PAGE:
Book review


[Edited by Ken Smith & Matthew Sweeney Anvil 7.95]

The anthology is subtitled 'Poems written out of mental distress'. Of course it is disturbing.

Its publication was timed to coincide with the 750th anniversary of the original Bedlam (Bethlem Royal Hospital) where inmates used to be exhibited for the amusement of visiting gentry. As you pass along its passages you get more than a whiff of the suffering inflicted by mental illness and its institutions.

The cannon includes all the usual suspects: Lowell, Clare, Plath, Bunyan, Graves, Pound. Then you spot the name of a lesser-known writer you sat with in a pub after the poetry gig after the breakdown or the botched suicide.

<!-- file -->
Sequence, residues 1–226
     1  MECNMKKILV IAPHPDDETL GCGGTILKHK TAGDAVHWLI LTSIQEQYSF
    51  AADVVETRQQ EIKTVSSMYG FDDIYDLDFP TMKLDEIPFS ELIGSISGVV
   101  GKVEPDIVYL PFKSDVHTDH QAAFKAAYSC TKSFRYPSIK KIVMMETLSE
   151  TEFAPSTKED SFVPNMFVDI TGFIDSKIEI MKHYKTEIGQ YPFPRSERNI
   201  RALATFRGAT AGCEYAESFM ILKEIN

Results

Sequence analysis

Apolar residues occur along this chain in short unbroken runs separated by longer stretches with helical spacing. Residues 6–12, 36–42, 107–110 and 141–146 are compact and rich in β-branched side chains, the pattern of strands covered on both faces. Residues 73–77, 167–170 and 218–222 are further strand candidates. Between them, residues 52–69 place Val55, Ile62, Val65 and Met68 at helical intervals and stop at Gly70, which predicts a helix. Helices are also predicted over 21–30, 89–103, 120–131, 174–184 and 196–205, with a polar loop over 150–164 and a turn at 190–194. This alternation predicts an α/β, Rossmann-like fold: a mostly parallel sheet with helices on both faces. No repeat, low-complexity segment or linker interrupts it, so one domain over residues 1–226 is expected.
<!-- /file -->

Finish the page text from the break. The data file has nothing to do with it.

Martin Brownlee's 'On the Run from Tooting Bec Hospital' gives a taste of that moonlight flit up the Balham High Road made by many in their NHS pyjamas. Tooting's grim Victorian fortress was demolished in the eighties and now so many 'sleep in the park, just another dosser.' as a result of government policy.

Richard McKane's translation of verses written more than 20 years ago in a Russian mental hospital, gives a reminder of the systematic repression that disintegrated into just as cruel a vacuum after the collapse of the Soviet infrastructure.

The editors' introduction tells us: 'Poets are 30 times more likely to undergo a depressive illness than the rest of the population, and 20 times more likely to be committed to an asylum.' And yet the project emerged from patients in the Bethlem and Maudsley Hospitals writing verse for therapeutic reasons.

Four mental health charities will benefit from its royalties.

Michael Burgess 1998